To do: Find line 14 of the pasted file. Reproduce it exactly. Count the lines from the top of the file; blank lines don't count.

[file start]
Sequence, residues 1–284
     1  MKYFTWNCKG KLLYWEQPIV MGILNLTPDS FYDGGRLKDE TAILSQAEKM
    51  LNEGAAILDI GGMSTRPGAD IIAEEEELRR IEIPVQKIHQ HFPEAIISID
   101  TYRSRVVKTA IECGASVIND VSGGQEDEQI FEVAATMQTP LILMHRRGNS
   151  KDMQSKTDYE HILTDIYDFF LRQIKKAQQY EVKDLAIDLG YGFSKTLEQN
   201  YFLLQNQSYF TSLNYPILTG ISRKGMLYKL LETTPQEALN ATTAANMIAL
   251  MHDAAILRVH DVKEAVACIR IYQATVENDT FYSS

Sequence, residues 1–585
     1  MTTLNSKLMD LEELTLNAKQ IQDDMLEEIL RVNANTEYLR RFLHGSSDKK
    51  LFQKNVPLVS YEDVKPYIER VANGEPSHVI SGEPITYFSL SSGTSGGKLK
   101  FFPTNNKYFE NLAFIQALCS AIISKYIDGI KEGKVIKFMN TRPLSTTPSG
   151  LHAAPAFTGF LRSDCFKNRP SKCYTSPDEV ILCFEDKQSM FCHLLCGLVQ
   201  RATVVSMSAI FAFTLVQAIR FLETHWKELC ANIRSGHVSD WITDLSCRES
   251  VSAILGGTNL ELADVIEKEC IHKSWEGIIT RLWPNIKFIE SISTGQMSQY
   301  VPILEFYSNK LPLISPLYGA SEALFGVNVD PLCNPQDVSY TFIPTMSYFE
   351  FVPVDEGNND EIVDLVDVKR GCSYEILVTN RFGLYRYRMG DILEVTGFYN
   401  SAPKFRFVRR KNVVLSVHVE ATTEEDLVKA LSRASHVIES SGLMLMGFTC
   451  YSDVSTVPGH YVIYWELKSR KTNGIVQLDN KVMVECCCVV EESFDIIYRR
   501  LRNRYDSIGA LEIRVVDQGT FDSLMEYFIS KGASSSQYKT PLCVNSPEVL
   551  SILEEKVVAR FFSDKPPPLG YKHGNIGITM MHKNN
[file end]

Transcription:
   251  VSAILGGTNL ELADVIEKEC IHKSWEGIIT RLWPNIKFIE SISTGQMSQY